SYDNEY (AFP) - Australian election frontrunner Tony Abbott on Wednesday vowed Asia will be his main foreign policy focus if he assumes office, as an influential media group turned on incumbent Prime Minister Kevin Rudd.
The conservative Abbott, whose diplomatic credentials came under fire this week after he said the Syria conflict was "baddies versus baddies", is on track to win Saturday's poll.
His first travel priorities would be Indonesia, China, Japan and South Korea, he said in an interview with the Sydney Morning Herald, the flagship paper of Fairfax Media whose chairman Wednesday declared his support for the conservative.
"Only after our regional and trading partners have been suitably attended to would I make the traditional trips to Washington and London," Abbott said, adding that "in the end your focus has got to be on the relationships that need the most attention".
"Decisions which impact on our national interests will be made in Jakarta, in Beijing, in Tokyo, in Seoul, as much as they will be made in Washington.
"There's a sense in which we kind of know what the decisions in Washington or London will be. We can be less certain about decisions that might be made in Jakarta and Beijing."
Abbott said his first trip would be to Indonesia, where most boats bringing asylum-seekers to Australia - a key election issue - originate.
"By virtue of its size, proximity, its developing power, overall it's the most important country to Australia," he said.
Abbott's foreign policy credentials have been criticised during the election campaign, culminating this week when he said the escalating Syria conflict "is not goodies versus baddies, it is baddies versus baddies".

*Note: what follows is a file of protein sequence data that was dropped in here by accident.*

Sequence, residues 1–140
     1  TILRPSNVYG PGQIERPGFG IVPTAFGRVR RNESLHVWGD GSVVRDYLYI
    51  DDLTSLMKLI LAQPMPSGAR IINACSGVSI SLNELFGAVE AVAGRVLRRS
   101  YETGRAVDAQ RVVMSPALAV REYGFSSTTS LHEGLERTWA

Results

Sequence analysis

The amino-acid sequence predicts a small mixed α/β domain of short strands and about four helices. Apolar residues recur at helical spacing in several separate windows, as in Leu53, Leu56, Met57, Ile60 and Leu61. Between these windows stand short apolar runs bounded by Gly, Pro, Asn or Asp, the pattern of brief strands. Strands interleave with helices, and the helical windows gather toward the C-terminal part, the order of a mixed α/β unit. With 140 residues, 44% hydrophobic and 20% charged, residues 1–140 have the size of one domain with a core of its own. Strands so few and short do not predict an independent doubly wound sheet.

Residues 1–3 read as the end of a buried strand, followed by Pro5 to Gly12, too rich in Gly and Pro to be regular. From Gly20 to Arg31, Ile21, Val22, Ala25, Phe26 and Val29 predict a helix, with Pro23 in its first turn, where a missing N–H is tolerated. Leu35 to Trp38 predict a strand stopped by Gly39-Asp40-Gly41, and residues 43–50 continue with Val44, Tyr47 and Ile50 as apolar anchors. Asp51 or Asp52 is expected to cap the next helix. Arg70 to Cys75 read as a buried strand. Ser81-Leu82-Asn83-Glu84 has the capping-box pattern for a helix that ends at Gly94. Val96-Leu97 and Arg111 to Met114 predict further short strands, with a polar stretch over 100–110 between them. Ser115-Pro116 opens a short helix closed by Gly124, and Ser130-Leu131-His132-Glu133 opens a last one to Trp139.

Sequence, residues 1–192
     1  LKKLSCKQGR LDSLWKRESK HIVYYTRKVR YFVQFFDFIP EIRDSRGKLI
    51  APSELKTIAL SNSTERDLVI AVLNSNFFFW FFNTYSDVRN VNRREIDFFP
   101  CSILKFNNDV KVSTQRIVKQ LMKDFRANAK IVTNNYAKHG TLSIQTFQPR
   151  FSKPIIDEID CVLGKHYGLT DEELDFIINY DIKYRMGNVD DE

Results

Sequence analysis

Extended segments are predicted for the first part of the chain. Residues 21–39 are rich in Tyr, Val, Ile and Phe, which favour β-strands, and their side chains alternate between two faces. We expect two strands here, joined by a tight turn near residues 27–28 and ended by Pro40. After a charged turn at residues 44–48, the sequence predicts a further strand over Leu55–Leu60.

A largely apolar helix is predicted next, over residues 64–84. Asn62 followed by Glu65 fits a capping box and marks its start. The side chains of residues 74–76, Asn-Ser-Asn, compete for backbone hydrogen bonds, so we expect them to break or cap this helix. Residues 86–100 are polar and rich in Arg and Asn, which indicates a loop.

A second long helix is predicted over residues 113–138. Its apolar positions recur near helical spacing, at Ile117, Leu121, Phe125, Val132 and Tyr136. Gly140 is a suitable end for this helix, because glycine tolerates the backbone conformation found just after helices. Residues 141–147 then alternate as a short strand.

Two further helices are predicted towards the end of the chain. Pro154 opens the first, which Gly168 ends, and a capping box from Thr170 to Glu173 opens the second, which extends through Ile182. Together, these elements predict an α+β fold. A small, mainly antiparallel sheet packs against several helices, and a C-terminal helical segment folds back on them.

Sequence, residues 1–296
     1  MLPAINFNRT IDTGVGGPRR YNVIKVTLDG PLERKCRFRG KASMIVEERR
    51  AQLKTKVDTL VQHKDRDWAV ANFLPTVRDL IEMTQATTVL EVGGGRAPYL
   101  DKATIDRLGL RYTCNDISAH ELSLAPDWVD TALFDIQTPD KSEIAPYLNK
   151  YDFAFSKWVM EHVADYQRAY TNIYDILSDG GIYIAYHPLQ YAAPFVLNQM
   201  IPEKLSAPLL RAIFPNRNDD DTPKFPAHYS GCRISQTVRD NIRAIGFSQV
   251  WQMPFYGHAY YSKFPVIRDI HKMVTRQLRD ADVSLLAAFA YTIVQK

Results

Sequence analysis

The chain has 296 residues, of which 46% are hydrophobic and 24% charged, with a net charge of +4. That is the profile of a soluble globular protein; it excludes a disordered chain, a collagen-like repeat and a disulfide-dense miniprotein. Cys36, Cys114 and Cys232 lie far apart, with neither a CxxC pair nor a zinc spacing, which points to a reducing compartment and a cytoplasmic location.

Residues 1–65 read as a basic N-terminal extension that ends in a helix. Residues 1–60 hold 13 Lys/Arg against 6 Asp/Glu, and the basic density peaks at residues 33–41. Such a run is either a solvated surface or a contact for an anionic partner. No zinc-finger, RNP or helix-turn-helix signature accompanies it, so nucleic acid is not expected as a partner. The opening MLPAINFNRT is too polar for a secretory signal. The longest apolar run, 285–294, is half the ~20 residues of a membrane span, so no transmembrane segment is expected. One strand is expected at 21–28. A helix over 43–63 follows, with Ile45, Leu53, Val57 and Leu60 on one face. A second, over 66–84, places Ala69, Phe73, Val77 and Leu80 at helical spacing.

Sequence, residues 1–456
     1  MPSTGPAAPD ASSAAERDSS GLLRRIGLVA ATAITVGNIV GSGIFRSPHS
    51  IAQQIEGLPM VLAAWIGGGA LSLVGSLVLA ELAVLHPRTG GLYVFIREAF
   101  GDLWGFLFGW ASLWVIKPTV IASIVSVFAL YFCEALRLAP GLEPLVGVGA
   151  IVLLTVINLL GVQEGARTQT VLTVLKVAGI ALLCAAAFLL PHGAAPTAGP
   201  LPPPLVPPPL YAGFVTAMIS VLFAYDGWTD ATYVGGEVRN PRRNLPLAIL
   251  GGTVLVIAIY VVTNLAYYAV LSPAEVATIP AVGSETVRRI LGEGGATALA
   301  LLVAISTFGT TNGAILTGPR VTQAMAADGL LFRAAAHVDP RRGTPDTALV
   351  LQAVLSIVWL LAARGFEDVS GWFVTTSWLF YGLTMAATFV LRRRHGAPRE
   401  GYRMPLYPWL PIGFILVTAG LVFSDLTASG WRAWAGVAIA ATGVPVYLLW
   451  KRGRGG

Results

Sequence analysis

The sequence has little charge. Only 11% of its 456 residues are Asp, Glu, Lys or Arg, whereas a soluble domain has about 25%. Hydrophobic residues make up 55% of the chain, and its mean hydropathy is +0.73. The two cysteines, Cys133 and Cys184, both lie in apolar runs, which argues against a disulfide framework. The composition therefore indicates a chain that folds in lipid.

Rudd, a former foreign minister, said the simplistic language trivialised the matter and demonstrated "that he is not competent and not comfortable with national security and foreign policy".
Nonetheless it appears that Abbott is destined for high office with recent opinion polls putting his conservative coalition comfortably ahead of Labor.
Rudd's task of hanging onto power has been made harder by the dominant media group, Rupert Murdoch's News Corp, running a campaign against him, and Fairfax, the other major player, appeared to join their rival Wednesday.
In an interview with broadcaster ABC, Fairfax chairman Roger Corbett accused Rudd, who ousted Julia Gillard in a party room coup in June, of destabilising and damaging Labor.
"In my view, Kevin Rudd is a leader that has been really discredited by his own conduct," he said, adding that Abbott was "a very sincere, nice type of human being".
"Here's a man that has really done the Labor Party enormous damage, destabilised it and is now wishing to present himself to the Australian people as a prime minister... and as the incoming prime minister," he added of Rudd.
"I don't think the Australian people will cop that, to be quite honest, and I think that's very sad for the Labor Party." Rudd, who remains confident Labor can pulled off an improbable election victory, brushed off Corbett's criticism.
"It's a matter for Mr Corbett. It's a free country, anyone can say what they like," he said, focusing instead on gross domestic product data that showed the economy expanded a steady 0.6 per cent in April-June from the previous quarter.
"As of this year, since we came to office in 2007, the Australian economy is 15 percent bigger than it was," he said.
"Therefore, the economic credentials of this nation run by this government over this period of time are strong."
Abbott, campaigning in Sydney, continued to argue that he does not have the election in the bag, despite what the opinion polls indicate.
"Yes I am confident, but I am not cocky or complacent, because anything can happen in these last few days," he told reporters.